13. 1984 by George Orwell

Year Published: 1949
Pages: 268
First Sentence: It was a bright cold day in April, and the clocks were striking thirteen.
Rating: 3/3 (double plus good)

I have a very clear memory of what was going on in my life the first time I read 1984. It was 2006, and my first real boyfriend had just broken up with me. I wasn't quite twenty years old yet, and was living with a friend during the summer break between university terms. Writing about this really reminds me of how long ago this all was.

Anyway, 1984 stands out that way in my memory less because of what's in it than because of what I was reading it to escape from, which is why I've always been surprised by how much of the actual content of the book managed to lodge itself in my brain. I've never forgotten the ending, for example. Rereading the book for the purpose of the review was an interesting exercising in finding out which plot points had stuck with me, and which hadn't.

I feel like the actual plot of the book is rarely discussed. Our protagonist is Winston Smith, a very low tier member of The Party, who works in the Ministry of Truth (aka propaganda and lies), doctoring old newspaper articles to comply with the facts as the Party wants them to be today. He'll be rewriting all of it again in a scant few weeks. Winston is a sad sack, but a rebellious one—as the book begins, he's purchased himself a blank notebook and begun writing out thoughts he isn't supposed to have.

Winston lives in a society dominated by the mythical figure of Big Brother. It isn't clear if Big Brother has another name, or if he is alive, or if he ever was alive, but his image is everywhere. Also everywhere: telescreens, a sort of audio-visual two way mirror surveillance device. There is little or no trust or love in this society, and resources of all kinds are scarce. The Party has done its best to squeeze all the joy and comfort out of life.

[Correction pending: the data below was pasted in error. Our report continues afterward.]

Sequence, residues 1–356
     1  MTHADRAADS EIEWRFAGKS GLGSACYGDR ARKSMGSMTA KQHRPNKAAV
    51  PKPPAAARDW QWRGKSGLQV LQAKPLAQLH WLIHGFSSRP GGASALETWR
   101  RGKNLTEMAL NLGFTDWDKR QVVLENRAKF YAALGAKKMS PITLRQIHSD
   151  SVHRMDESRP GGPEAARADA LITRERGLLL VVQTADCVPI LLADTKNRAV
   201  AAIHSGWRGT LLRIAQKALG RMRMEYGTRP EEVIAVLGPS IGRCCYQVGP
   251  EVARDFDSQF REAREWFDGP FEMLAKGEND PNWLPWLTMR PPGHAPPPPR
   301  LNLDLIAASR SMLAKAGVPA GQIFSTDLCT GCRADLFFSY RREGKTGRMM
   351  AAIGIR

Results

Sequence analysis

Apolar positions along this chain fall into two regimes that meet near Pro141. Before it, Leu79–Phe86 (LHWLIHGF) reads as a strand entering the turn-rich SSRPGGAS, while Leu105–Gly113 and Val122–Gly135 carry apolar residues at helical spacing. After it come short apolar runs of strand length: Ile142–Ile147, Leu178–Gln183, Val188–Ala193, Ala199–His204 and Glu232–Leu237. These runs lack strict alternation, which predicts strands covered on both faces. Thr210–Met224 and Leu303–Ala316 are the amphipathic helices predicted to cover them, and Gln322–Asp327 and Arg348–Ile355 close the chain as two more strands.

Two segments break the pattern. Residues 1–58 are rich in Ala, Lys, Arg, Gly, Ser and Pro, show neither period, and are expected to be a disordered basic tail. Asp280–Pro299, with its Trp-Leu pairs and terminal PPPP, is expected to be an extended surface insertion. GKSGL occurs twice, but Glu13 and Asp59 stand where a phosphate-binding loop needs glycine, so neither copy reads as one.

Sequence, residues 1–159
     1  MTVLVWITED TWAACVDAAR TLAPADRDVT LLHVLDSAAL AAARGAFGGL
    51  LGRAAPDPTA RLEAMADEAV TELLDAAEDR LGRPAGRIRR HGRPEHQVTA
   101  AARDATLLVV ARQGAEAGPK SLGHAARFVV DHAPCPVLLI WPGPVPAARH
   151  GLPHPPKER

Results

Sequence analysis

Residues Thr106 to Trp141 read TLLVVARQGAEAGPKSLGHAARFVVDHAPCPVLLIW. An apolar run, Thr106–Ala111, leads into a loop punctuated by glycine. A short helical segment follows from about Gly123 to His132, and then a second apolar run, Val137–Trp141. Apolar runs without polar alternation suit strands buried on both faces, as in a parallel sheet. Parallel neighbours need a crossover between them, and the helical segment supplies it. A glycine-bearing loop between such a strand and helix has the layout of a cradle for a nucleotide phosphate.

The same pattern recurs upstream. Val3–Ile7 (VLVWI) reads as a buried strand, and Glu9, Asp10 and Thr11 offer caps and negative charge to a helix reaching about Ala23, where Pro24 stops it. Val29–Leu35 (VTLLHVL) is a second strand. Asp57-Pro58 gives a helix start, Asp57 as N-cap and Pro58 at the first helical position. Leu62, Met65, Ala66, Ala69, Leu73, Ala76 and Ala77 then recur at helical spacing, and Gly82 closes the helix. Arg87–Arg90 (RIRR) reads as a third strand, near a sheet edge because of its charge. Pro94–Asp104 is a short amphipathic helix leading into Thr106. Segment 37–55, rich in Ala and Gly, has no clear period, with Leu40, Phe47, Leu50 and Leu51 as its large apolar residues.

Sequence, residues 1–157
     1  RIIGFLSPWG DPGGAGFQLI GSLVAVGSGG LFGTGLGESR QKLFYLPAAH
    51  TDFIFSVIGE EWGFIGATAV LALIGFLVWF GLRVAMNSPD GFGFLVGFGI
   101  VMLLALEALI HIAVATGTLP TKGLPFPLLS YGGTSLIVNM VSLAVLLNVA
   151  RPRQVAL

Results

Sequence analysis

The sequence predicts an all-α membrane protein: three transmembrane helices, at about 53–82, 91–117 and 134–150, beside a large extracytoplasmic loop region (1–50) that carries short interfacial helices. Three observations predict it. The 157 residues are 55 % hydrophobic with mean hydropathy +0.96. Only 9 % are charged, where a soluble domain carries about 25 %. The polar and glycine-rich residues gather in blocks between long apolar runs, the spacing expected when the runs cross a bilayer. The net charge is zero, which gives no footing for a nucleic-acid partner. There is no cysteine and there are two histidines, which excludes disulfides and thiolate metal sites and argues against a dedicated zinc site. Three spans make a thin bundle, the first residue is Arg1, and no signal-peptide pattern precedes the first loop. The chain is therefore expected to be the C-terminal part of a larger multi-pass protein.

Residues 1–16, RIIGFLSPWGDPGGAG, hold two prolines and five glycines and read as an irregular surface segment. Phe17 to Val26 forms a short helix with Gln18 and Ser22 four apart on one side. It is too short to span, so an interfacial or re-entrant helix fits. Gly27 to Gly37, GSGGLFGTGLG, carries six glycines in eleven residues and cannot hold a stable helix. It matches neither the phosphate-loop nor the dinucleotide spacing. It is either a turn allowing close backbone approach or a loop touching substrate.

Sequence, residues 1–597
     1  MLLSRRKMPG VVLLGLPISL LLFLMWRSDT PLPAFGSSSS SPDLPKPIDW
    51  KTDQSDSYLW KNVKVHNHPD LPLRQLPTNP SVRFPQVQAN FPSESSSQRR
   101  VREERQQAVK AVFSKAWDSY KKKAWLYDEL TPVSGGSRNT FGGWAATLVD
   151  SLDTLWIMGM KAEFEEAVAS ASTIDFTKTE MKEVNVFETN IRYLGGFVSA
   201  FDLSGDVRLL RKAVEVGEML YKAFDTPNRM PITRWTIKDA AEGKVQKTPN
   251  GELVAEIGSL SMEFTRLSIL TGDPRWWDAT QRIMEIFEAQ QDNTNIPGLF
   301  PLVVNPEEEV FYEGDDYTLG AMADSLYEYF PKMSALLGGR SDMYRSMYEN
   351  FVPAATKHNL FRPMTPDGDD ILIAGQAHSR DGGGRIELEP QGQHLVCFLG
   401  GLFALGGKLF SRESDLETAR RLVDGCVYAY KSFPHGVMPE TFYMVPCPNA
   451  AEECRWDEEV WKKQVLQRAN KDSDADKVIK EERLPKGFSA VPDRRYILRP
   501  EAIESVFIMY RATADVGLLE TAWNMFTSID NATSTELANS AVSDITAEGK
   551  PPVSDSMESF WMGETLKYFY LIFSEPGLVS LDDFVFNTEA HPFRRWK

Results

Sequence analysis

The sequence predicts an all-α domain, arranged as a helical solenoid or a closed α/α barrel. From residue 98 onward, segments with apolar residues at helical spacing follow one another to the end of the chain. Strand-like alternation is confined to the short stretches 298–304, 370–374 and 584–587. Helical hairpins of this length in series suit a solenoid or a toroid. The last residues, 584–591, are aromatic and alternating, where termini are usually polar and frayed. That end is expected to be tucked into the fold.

This gets a bit further into the book than I typically do for a plot summary, but basically, one day Winston meets a young woman in the halls of the Ministry of Truth, and the two of them being a secret relationship. They both know and think they are resigned to the fact that they'll get caught one day and be killed by the Party.

So I'm not gonna lie, 1984 is kind of boring.There's a long section in the middle where Winston gets his hands on a revolutionary text and the whole novel just comes grinding to a halt. The pace of the book is very like Winston's life of drudgery—steady and occasionally gruelling. Of course it isn't badly written (in fact it's very good), it's just that it lacks a little on the "pure entertainment" front. Pure entertainment isn't what George Orwell was going for anyway.

The book introduces a ton of cool ideas though. It's just barely science fiction. The ubiquitous telescreens weren't a real thing in Orwell's day, though we voluntarily bring something similar into our homes now. I think the rocket bombs showering over London were also science fictional at the time of publication. But the bulk of what the book depicts is just the same kind of social engineering Orwell had witnessed himself. The best dystopias have less to do with prescience than they do with showing the reader what's already going on, and what's been going on all the time.

1984 is a classic for a reason, even if it is beginning to show its age in the era of social media and climate change. I wish more people would read it and not just parrot what they infer its message to be based on reputation and popular catchphrases. Ultimately, the ruling parties in our actual world seem to still just want power for its own sake, even if those ruling parties are the wealthy elite rather than an ideological elite as they are in 1984.

Maybe someday I'll read this one again without feeling quite so disheartened.

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Once again he glanced at his rival in the opposite cubicle. Something seemed to tell him with certainty that Tillotson was busy on the same job as himself. There was no way of knowing whose job would finally be adopted, but he felt a profound conviction that it would be his own. Comrade Ogilvy, unimagined an hour ago, was now a fact. It struck him as curious that you could create dead men but not living ones. Comrade Ogilvy, who had never existed in the present, now existed in the past, and when once the act of forgery was forgotten, he would exist just as authentically, and upon the same evidence, as Charlemagne or Julius Caesar.
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